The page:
Ensuring the safety and comfort of critically ill infants or children supported on mechanical ventilation is integral to the practice of pediatric critical care. Humane pediatric intensive care often includes sedation management. Although there are clear benefits in using sedation in pediatric patients who are unable to understand the imperative nature of critical care instrumentation and immobility, sedative use is associated with iatrogenic injury. Specifically, the medications used for sedation may depress spontaneous ventilation and prolong the duration of mechanical ventilation. Over time, drug tolerance develops and may precipitate iatrogenic withdrawal syndrome when sedation is no longer necessary. Prolonging the duration of mechanical ventilation and iatrogenic withdrawal syndrome add to the personal and financial burden of intensive care. This cluster randomized clinical trial will test an innovative approach to sedation management that includes: [a] team education and consensus on the use of sedatives in pediatric patients supported on mechanical ventilation, [b] team identification of the patient's trajectory of illness and daily prescription of a sedation goal, [c] a Nurse-Implemented Goal-Directed Comfort Algorithm that guides moment-to-moment titration of opioids and benzodiazepines, and [d] team feedback on sedation management performance. The intervention is an organizational change directed at all PICU clinicians. The unit of randomization is the PICU, the unit of inference is the patient, and we will control for center effects. Eighteen pediatric intensive care units (9 randomized to the sedation management intervention and 9 to continue to provide usual care) will enroll 2754 critically-ill infants and children supported on mechanical ventilation. We believe that patients managed per sedation protocol will experience fewer days of mechanical ventilation, less sedative exposure, fewer iatrogenic withdrawal symptoms, a shorter intensive care length of stay, less costs, and experience a better post-discharge quality of life and emotional health.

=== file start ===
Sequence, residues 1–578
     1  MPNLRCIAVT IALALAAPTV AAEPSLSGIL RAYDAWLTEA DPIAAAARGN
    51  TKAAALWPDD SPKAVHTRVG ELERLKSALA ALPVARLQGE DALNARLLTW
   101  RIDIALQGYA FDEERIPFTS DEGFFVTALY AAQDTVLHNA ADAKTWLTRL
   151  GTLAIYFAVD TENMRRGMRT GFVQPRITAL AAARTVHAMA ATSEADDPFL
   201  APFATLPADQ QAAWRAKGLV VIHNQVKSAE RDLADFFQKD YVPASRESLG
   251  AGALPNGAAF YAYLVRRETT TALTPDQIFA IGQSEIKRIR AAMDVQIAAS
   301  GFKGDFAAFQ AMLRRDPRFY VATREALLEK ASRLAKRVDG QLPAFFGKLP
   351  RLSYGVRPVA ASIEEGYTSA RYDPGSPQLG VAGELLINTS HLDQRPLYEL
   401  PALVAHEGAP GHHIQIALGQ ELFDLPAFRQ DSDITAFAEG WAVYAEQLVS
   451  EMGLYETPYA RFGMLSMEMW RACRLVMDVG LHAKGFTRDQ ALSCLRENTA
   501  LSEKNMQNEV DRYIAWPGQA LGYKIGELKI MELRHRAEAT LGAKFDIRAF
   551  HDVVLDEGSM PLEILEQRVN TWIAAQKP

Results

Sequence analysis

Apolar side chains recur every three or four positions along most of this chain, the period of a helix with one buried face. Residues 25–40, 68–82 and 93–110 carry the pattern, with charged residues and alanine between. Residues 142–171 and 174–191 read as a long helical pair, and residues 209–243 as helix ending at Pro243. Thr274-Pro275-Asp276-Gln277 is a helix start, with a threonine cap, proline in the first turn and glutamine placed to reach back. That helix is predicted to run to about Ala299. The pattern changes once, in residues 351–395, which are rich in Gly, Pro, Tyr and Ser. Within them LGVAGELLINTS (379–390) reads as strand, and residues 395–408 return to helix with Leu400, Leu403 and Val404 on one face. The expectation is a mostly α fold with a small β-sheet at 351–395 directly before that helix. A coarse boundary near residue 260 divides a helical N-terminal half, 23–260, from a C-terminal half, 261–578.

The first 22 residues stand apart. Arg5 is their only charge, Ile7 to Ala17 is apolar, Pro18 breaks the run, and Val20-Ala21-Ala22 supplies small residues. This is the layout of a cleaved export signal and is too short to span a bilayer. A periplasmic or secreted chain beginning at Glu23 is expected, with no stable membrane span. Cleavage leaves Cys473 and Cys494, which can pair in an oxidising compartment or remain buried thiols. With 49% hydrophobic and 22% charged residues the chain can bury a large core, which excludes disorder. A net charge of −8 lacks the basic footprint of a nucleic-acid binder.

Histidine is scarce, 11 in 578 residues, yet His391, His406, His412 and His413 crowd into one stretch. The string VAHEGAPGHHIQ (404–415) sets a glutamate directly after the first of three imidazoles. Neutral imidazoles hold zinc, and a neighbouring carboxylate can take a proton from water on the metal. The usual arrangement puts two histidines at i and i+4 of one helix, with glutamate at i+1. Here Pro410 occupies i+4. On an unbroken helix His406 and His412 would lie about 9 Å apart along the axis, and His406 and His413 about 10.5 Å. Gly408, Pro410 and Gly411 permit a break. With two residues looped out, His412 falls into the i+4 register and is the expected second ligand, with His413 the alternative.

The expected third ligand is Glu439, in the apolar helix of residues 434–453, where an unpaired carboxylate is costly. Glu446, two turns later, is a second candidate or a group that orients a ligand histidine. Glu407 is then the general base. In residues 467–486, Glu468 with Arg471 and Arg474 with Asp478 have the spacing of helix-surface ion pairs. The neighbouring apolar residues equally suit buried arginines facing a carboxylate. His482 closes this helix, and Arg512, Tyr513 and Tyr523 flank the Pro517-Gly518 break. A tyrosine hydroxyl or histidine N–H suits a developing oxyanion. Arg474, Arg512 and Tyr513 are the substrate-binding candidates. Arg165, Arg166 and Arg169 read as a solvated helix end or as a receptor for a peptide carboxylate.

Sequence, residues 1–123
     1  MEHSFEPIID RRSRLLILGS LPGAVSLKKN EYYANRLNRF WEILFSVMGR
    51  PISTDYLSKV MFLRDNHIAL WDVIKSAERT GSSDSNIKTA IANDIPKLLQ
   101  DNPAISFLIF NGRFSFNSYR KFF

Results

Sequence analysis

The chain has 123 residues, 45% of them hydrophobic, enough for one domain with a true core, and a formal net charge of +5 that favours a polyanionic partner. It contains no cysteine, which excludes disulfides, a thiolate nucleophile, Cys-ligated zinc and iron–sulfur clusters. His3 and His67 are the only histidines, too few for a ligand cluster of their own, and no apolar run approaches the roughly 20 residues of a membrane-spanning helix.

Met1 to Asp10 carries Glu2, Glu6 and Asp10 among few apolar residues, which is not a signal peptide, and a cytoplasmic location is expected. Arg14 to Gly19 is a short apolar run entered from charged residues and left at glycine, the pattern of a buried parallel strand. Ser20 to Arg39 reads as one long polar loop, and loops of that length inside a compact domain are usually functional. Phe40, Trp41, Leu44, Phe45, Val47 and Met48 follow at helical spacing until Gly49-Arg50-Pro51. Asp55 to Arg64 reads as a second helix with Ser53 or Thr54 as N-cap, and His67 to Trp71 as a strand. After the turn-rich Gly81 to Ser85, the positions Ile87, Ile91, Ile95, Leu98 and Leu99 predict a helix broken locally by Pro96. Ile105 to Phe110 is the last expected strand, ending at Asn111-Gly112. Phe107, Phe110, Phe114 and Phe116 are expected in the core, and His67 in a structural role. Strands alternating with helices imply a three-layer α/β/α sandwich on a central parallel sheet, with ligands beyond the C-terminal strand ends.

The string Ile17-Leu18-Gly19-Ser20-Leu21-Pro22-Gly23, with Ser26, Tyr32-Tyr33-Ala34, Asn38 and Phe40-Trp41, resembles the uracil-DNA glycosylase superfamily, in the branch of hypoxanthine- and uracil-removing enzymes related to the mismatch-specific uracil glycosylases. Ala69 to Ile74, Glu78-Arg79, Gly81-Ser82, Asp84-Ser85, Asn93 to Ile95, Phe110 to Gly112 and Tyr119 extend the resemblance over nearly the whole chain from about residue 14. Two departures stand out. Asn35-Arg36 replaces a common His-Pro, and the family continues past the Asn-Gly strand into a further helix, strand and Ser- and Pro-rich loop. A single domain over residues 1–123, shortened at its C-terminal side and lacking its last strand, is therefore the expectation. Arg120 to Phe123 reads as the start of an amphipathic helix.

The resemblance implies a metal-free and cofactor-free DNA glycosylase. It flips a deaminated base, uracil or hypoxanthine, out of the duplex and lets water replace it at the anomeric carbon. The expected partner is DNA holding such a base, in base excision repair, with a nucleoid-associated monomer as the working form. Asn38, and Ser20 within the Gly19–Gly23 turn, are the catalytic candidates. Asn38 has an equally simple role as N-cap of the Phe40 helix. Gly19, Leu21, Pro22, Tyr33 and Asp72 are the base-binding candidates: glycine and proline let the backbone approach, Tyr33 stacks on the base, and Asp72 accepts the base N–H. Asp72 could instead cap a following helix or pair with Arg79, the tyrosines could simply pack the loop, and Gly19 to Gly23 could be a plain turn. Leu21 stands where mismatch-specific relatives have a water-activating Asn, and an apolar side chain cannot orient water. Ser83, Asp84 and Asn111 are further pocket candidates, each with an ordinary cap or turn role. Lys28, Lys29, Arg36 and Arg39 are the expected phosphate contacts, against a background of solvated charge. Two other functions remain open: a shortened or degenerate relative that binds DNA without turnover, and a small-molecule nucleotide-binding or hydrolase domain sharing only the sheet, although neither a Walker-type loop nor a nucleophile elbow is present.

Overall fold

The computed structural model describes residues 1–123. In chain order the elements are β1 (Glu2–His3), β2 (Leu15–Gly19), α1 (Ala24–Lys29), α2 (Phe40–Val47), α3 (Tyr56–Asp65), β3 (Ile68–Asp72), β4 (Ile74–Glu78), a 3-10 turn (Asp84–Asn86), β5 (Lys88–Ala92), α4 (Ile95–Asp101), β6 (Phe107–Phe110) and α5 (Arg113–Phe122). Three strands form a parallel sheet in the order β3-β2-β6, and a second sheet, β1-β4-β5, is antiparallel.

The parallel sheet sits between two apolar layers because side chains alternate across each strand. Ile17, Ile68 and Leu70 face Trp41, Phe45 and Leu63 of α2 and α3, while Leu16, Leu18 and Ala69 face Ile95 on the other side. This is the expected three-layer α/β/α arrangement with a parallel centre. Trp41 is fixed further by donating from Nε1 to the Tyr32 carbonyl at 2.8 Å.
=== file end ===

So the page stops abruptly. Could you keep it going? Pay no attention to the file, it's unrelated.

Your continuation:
Agency
National Institute of Health (NIH)
Institute
National Heart, Lung, and Blood Institute (NHLBI)
Type
Research Project--Cooperative Agreements (U01)
Project #
5U01HL086622-03
Application #
7793420
Study Section
Clinical Trials Review Committee (CLTR)
Program Officer
Harabin, Andrea L
Project Start
2008-04-01
Project End
2013-03-31
Budget Start
2010-04-01
Budget End
2011-03-31
Support Year
3
Fiscal Year
2010
Total Cost
$3,103,892
Indirect Cost
Name
University of Pennsylvania
Department
Type
Schools of Nursing
DUNS #
042250712
City
Philadelphia
State
PA
Country
United States
Zip Code
19104
Schneider, James B; Sweberg, Todd; Asaro, Lisa A et al. (2017) Sedation Management in Children Supported on Extracorporeal Membrane Oxygenation for Acute Respiratory Failure. Crit Care Med 45:e1001-e1010
Upperman, Jeffrey S; Lacroix, Jacques; Curley, Martha A Q et al. (2017) Specific Etiologies Associated With the Multiple Organ Dysfunction Syndrome in Children: Part 1. Pediatr Crit Care Med 18:S50-S57
Weiss, Scott L; Asaro, Lisa A; Flori, Heidi R et al. (2017) Multiple Organ Dysfunction in Children Mechanically Ventilated for Acute Respiratory Failure. Pediatr Crit Care Med 18:319-329
Faustino, Edward Vincent; Gedeit, Rainer G; Schwarz, Adam et al. (2017) The authors reply. Crit Care Med 45:e333-e334
Lebet, Ruth; Hayakawa, Jennifer; Chamblee, Tracy B et al. (2017) Maintaining Interrater Agreement of Core Assessment Instruments in a Multisite Randomized Controlled Clinical Trial: The Randomized Evaluation of Sedation Titration for Respiratory Failure (RESTORE) Trial. Nurs Res 66:323-329
Best, Kaitlin M; Wypij, David; Asaro, Lisa A et al. (2017) The authors reply. Crit Care Med 45:e623-e624
Faustino, Edward Vincent S; Gedeit, Rainer; Schwarz, Adam J et al. (2017) Accuracy of an Extubation Readiness Test in Predicting Successful Extubation in Children With Acute Respiratory Failure From Lower Respiratory Tract Disease. Crit Care Med 45:94-102
Best, Kaitlin M; Asaro, Lisa A; Franck, Linda S et al. (2016) Patterns of Sedation Weaning in Critically Ill Children Recovering From Acute Respiratory Failure. Pediatr Crit Care Med 17:19-29
Grant, Mary Jo C; Schneider, James B; Asaro, Lisa A et al. (2016) Dexmedetomidine Use in Critically Ill Children With Acute Respiratory Failure. Pediatr Crit Care Med 17:1131-1141
Curley, Martha A Q; Wypij, David; Watson, R Scott et al. (2015) Protocolized sedation vs usual care in pediatric patients mechanically ventilated for acute respiratory failure: a randomized clinical trial. JAMA 313:379-89

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